Cleaner fuel for cruise ships, other big vessels from ingredients in detergents, medicines

Scientists today described development of a new fuel mixture to ease the major air pollution and cost problems facing cruise ships, oil tankers and container ships. These vessels tend to burn the cheapest and most highly polluting form of diesel fuel. Their report was part of the 244th National Meeting & Exposition of the American Chemical Society, the world's largest scientific society, being held here this week.

George N. Harakas, Ph.D., explained that large ships have slow-speed engines designed to burn inexpensive, thick "bunker fuels" that literally are the bottom-of-the-barrel from the petroleum refining process. Bunker fuels are high in substances (such as sulfur) that produce , which creates a serious health and environmental problem when ships cruise along the shore or drop anchor in ports of heavily populated urban areas.

Harakas and colleagues from the Maine Maritime Academy and SeaChange Group LLC developed a by adding two ingredients to low-sulfur diesel to produce "Bunker Green" fuel, a member of the Eco-Hybrid family of fuels. One ingredient was glycerol, a thick, colorless liquid widely used in foods, medicines and other products. Glycerol is a byproduct of biodiesel production, making it a cost-effective, carbon-neutral and domestically sustainable fuel. Blending glycerol and is literally like trying to mix oil and water. The use of a surfactant, a class of chemicals similar to ingredients that boost the cleaning power of laundry detergents, was used to solve that problem.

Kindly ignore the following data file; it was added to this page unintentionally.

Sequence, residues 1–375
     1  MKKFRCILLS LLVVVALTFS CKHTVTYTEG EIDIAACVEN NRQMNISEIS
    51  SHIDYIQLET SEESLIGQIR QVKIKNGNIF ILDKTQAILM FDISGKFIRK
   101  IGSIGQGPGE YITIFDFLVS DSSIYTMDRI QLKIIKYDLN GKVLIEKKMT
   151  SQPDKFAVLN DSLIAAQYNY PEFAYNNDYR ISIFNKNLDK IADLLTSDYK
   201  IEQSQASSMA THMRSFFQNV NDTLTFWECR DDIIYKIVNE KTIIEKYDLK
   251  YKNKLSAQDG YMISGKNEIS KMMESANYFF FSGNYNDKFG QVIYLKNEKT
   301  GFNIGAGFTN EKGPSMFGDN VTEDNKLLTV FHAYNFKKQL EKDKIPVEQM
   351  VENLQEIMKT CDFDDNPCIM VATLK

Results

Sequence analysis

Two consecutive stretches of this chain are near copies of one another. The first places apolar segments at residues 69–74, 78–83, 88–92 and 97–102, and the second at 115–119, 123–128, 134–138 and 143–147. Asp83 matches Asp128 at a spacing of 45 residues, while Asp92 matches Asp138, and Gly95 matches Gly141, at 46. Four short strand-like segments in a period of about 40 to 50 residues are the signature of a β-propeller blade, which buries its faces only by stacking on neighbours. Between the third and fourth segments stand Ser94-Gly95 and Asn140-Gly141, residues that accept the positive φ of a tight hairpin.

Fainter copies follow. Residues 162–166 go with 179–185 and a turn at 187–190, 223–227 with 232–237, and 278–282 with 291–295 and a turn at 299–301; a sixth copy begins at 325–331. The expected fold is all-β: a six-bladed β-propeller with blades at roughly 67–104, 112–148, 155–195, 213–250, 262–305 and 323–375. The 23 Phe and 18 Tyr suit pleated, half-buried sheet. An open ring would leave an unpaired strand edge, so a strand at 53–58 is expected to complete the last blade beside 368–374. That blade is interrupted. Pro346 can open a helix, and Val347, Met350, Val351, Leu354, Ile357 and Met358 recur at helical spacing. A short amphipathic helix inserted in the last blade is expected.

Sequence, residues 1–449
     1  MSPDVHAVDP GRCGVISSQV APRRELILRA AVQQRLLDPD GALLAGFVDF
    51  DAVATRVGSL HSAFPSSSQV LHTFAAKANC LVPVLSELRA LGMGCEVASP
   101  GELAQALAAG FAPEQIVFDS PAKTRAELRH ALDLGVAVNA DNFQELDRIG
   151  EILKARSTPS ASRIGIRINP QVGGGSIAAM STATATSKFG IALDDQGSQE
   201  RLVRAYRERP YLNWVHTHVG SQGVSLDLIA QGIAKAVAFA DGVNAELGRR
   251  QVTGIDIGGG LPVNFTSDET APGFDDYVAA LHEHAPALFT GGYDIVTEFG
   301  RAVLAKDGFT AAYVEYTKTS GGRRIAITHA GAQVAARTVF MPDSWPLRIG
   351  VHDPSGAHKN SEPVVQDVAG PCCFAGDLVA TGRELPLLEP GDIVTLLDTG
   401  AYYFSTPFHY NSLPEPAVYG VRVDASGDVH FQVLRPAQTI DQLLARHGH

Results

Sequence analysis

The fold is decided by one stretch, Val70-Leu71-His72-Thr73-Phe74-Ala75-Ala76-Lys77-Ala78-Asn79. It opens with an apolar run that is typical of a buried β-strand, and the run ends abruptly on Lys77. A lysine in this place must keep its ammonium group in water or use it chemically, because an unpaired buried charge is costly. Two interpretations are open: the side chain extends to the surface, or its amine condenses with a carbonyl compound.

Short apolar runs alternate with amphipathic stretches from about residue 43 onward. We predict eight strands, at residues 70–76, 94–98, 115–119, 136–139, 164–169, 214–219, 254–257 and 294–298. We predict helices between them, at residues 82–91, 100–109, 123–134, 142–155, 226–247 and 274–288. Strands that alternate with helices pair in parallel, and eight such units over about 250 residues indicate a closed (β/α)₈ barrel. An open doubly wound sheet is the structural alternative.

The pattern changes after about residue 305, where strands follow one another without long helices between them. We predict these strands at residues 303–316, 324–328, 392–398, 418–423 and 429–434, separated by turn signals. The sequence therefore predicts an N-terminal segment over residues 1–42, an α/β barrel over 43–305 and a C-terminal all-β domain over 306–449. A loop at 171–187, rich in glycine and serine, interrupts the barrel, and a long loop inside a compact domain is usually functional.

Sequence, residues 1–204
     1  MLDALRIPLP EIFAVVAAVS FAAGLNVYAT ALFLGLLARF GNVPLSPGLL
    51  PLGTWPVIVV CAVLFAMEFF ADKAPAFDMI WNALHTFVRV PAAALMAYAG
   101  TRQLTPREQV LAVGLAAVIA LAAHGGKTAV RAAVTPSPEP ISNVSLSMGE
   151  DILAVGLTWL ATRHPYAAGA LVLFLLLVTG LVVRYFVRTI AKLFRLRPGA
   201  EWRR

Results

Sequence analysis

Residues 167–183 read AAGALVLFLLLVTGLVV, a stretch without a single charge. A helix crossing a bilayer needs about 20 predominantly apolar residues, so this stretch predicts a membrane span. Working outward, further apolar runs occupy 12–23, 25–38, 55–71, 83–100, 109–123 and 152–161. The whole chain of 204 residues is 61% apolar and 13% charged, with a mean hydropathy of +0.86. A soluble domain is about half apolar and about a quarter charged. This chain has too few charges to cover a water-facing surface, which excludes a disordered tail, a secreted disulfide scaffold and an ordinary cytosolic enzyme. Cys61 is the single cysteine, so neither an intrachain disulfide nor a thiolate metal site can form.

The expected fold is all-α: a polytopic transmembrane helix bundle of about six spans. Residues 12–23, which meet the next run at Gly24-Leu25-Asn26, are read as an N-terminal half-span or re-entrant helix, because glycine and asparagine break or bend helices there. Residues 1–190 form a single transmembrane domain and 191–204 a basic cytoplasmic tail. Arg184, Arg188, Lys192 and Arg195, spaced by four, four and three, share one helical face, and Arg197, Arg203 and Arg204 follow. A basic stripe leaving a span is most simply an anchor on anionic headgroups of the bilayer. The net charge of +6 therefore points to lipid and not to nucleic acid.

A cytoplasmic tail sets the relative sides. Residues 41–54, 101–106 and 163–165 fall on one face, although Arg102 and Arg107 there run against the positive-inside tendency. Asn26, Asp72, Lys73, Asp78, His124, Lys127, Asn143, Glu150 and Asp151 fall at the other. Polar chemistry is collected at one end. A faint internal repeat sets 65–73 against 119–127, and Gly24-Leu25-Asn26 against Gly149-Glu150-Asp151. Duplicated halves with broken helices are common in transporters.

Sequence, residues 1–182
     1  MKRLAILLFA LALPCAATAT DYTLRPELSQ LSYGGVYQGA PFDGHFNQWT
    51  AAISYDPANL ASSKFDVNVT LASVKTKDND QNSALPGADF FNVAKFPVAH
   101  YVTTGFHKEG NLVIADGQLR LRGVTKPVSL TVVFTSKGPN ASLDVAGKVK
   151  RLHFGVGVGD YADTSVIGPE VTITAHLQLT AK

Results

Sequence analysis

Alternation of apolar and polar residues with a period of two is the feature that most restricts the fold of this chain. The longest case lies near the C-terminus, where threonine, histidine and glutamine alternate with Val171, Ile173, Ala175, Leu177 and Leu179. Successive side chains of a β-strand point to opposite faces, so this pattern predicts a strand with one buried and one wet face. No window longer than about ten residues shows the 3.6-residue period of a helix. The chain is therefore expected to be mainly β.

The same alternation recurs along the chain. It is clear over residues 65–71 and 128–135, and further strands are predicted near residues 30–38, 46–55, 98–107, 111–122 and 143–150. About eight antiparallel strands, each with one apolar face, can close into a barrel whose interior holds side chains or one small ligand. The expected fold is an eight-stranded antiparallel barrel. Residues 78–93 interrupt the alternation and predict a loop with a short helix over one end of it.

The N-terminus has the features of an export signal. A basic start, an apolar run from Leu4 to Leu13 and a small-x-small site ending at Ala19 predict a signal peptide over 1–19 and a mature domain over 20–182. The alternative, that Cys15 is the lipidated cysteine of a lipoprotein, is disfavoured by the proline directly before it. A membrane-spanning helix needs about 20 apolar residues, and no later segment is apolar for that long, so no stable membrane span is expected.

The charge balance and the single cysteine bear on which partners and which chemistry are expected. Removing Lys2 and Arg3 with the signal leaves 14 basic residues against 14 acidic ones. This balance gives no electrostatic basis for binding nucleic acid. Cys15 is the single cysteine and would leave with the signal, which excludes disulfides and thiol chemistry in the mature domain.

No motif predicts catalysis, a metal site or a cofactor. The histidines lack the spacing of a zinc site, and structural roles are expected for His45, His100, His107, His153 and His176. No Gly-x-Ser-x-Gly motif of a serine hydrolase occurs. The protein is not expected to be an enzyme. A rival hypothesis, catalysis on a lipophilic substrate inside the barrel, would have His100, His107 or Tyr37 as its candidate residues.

The fuel they produced has improved emission properties and the potential to lower fuel costs for the shipping industry. Laboratory tests at the Marine Engine Testing and Emissions Laboratory (METEL) at the Maine Maritime Academy demonstrated that "Bunker Green" fuel produced 15 percent lower emissions of soot-like particulates and 26 percent less nitrogen oxide pollutants. The International Maritime Organization (IMO) has recently passed regulations that call for tighter emission limitations for marine vessels operating near shore. This research into fuels with a lower environmental impact has been supported by the Maine Technology Institute, the National Science Foundation and private industry. Harakas concluded that "Bunker Green" fuel could help the shipping industry reduce air pollution to meet these IMO regulations, especially for older ships.


Explore further

Clean fuels could reduce deaths from ship smokestacks by 40,000 annually

Citation: Cleaner fuel for cruise ships, other big vessels from ingredients in detergents, medicines (2012, August 20) retrieved 23 May 2019 from https://phys.org/news/2012-08-cleaner-fuel-cruise-ships-big.html
This document is subject to copyright. Apart from any fair dealing for the purpose of private study or research, no part may be reproduced without the written permission. The content is provided for information purposes only.
0 shares

Feedback to editors

User comments

Aug 20, 2012
What about their sewage? Last cruise I was on they dumped it all at sea. Disgusting. We have to stop treating the ocean like it's our toilet, there is no flush lever on it.

Aug 20, 2012
The large cruisers consume one gallon of fuel per every four-five meters of their travel...

Please sign in to add a comment. Registration is free, and takes less than a minute. Read more